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Breast Surgery

Every year thousands of women find a breast lump or abnormalities discovered on mammography. Luckily, the majority of these findings are benign or non cancerous. Breast surgery deals with the treatment of both benign and cancerous lesions.


Diagnosis of breast abnormalities begins with self-breast exams, as well as an exam by a professional. Radiological examinations with mammography and ultrasound, where applicable, are invaluable. Additional testing with MRI in select cases can also be extremely beneficial.

Breast masses can be divided into cystic (fluid filled) or solid lesions. Cystic lesions (single cysts) are of no consequence and can be simply aspirated if they are large enough to cause discomfort. Solid lesions, on the other hand, need to be investigated with tissue sampling. Non-palpable lesions that produce an abnormal mammogram may also require tissue sampling. Comparison with any previous mammograms can be extremely important in deciding if this is a new finding or something that has been present for a few years without change.

Tissue sampling now is mostly done by a needle biopsy. This often is combined with such radiographic techniques as mammography and/or ultrasound to get to the precise location of the abnormality. This type of biopsy is called incisional. A piece of the abnormal area is removed for tissue sampling. If no cancer is found, this area can safely be reexamined in 6 months to assure stability. An excisional biopsy can also be done using these techniques. The entire abnormal area is removed, but this does require a surgical procedure.

The surgical treatment for breast cancer in the year 2004 has various options. Most of the time the type of surgery the patient decides upon is a personal choice. The options include breast removal (mastectomy), with or without reconstruction, or lumpectomy with radiation therapy. A lumpectomy removes the malignant mass along with enough normal breast tissue to have negative margins and decrease the risk of local recurrence. This option does need to be in conjunction with radiation therapy. The possibility of needing chemotherapy has nothing to do with the surgical option chosen. Chemotherapy is determined by the size of the primary tumor and whether or not any lymph nodes are involved. Today with breast cancer, we try and find the very first lymph node that the tumor could drain into. This is called the sentinel node. This node is identified by a nuclear medicine test the day of surgery. During surgery, a dye is also injected into the breast. This identifies the sentinel node and is removed. Upon removal, if the node has no indication of cancer, there is no further lymph node excision. By limiting the amount of lymph nodes removed, you can decrease pain and decrease the incidence of lymphedema (swelling of the affected upper extremity). If, however, the sentinel node does have cancer in it, then additional lymph nodes will need to be excised.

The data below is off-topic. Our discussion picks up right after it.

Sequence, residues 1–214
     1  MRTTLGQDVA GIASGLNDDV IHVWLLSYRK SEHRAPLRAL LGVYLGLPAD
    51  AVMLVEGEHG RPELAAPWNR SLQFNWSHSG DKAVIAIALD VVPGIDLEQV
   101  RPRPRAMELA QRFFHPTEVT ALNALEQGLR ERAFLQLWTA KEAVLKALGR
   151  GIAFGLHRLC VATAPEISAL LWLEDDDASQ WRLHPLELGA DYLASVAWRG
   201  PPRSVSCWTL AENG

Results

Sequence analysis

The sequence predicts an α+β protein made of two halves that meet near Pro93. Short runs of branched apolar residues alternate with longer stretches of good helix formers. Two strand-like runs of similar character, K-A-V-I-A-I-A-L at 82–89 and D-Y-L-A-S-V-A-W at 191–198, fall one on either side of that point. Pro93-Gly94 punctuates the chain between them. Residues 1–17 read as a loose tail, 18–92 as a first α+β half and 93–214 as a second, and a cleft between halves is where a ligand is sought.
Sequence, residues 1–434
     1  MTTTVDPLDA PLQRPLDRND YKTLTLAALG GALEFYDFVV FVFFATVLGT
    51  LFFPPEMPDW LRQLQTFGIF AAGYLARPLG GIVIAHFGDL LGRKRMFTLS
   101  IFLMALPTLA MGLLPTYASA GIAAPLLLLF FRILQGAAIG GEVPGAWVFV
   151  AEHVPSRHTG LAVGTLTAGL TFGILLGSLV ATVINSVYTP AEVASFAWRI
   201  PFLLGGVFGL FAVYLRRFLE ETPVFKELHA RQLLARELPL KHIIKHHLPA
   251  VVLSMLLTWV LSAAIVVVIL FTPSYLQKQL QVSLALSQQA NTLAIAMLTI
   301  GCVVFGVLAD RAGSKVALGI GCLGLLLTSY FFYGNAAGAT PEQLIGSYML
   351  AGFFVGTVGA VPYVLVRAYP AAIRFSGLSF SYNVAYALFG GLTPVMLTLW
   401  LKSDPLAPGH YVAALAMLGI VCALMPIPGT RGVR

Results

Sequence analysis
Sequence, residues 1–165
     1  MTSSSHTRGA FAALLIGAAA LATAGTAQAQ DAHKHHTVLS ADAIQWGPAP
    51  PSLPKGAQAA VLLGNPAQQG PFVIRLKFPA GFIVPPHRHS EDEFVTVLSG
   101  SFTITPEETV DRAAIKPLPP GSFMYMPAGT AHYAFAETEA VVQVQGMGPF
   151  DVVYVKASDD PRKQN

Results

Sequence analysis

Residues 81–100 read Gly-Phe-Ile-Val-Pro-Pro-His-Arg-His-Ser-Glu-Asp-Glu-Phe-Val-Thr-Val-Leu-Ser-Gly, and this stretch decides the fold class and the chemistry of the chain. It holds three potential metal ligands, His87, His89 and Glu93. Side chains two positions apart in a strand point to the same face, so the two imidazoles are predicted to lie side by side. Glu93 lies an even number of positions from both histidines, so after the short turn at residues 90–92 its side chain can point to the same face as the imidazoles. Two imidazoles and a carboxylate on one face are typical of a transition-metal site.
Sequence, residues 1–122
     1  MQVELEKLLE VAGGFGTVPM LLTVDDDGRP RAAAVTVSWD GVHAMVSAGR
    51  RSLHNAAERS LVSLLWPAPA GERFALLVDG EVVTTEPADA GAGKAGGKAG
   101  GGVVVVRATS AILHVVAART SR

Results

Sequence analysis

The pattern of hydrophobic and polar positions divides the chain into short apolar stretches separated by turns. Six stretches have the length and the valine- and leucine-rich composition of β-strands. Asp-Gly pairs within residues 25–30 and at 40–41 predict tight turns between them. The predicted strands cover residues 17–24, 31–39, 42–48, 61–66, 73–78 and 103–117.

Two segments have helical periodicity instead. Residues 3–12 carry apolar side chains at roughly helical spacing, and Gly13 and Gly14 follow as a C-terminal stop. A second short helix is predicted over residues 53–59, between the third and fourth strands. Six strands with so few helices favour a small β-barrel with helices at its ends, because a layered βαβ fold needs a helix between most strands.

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Frequently Asked Questions

How important are self-breast exams?
By examing your breast each month, you will become aware of any changes from month to month. Early detection of lumps is very important. In most cases a mass is found by the patient.
I have breast cancer. Will I need radiation after surgery?
If you have chosen breast conservation therapy with a lumpectomy, radiation is required to treat the entire breast. If a mastectomy has been chosen, (with or without reconstruction) rarely is radiation necessary. Those situations where radiation is warranted following a mastectomy include significant lymphatic involment of the skin (inflammatory breast cancers) and where numerous (4 or more) lymph nodes are involved with metastatic cancer in the axilla.
I have recently been diagnosed with breast cancer. Am I a candidate for "conservative" breast surgery?
Whether a person is or isn't a candidate for conservative breast surgery usually has to do with tumor size and breast size. Most patients are candidates. Conservative breast surgery does, however, have to be combined with radiation therapy.
What is a sentinel lymph node?
The sentinel node is the first lymph node a cancer will spread to. By identifying that node and removing only that node, one may be able to avoid removal of any other lymph nodes. As long as the sentinel node shows no evidence of cancer, no other nodes need to be removed. This technique is appropriate for breast cancer and melanoma.
Will I need chemotherapy for my breast cancer following surgery?
Whether or not a patient is a candidate for chemotherapy is not based on which operative procedure she and her physician have chosen (mastectomy vs. conservation therapy). It is usually dependent upon the size of the primary tumor and whether or not the lymph nodes are involved. Most of the time these factors are not known until after surgery. Other factors, such as pre or post menopause state, patients age, and physical condition are also important

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